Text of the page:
Saturday, April 11, 2009


From the tropical delight of Southwest Florida to a Northern New England city emerging from a rough winter ...

This is my third trip to Manchester, N.H., and I'm enjoying the ride. Now that I know my way around a little, it's easier to while away what spare time I've had doing something other than staring at the walls of a hotel room.

Here are some tidbits about the ballpark, horribly named Stadium, but surely one of the finest minor league parks in the nation. Stadium may stretch the limits of the stadium sponsorship concept but the newest ballpark in the Eastern League is a gem.

The stadium sits majestically on the east bank of the Merrimack River, affording fans walking on the third-base concourse superb river views to the north and south.

The newest addition to the stadium is a sports bar and grill that allows fans to eat high-quality food and watch the game from behind the left-field wall. The grill features reasonably priced all-you-can-eat specials every night.

Flanking the restaurant just beyond the wall in left-center sits the Hilton Garden Inn, an attractive six-story hotel with a patio that allows patrons to view the game.

Beyond the hotel, the terrain rises toward the downtown skyline dominated by the Verizon Wireless Arena, which houses the Manchester Monarchs of the AHL, the Manchester Wolves of arenafootball2, basketball games and concerts.

Sixteen skyboxes encircle the stadium from the second deck, separated by an expansive press box.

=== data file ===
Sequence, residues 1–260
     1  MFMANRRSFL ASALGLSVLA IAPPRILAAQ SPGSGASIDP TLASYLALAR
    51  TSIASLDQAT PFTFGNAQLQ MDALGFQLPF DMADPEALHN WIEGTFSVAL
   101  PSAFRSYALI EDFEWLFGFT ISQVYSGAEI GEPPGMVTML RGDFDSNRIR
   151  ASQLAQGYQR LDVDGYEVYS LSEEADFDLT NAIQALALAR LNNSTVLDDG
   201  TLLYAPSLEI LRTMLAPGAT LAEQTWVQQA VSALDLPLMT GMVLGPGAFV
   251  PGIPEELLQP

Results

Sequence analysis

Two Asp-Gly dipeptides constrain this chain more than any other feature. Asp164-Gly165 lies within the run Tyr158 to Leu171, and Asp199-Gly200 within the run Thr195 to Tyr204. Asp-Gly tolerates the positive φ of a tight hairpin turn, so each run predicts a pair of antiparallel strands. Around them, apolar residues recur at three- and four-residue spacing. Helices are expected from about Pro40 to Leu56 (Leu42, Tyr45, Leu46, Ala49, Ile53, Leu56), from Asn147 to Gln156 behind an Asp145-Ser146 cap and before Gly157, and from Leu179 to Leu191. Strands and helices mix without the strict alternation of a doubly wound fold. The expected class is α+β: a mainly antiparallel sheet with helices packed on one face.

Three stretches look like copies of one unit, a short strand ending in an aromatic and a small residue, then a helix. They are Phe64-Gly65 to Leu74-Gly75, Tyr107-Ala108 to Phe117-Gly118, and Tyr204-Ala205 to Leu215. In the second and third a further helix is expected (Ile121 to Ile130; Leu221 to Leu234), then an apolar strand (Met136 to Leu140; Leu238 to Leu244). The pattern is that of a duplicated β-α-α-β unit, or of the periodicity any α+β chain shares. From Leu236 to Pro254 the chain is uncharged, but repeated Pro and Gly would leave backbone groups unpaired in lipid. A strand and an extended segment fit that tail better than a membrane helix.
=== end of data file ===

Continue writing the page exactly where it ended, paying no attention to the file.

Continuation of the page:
The playing field has legitimate dimensions in left field, 326 feet down the line and 380 to straightaway left, where it jogs towards a 400-foot distance in dead center field.

Thirty feet into right center, the wall jogs in severely, giving the outfield a Fenway Park look. Consequently, the distance to right field is considerably shorter – 353 feet straightaway and just 306 down the line.

An appropriately named street runs behind the right field wall – Line Drive – parallel to railroad tracks.

A visit to Manchester would be a nice getaway for New Britain-area fans. If you come, visit the Mall of New Hampshire and have lunch downtown at Red Arrow Diner, a classic old-fashioned eatery with the traditional booths and stools reminiscent of the 1950s.

Have dinner at the ballpark. Centerplate, which also manages the food concession at New Britain Stadium, does a tremendous job. Trust me, you won't have to choose between a ballpark frank and second-rate pizza. We're talking sausage and peppers, steak tips, seafood platters and "chowda."

Doesn't if figure. I start to blog and my true passions rise to the surface -- nostalgia and food. The first thing I did this morning was watch "Bonanza" and eat at the Comfort Inn's nifty little breakfast nook, which by the way is complimentary.

Heading home tonight. I'll be cruising down the Mass Pike, listening to the Grateful Dead or '50s Music and thinking about stopping in Manchester, CT, to pick up a Pepe's pizza. Hey, it ain't gonna change. I'm too old and set in my ways for that.

No comments: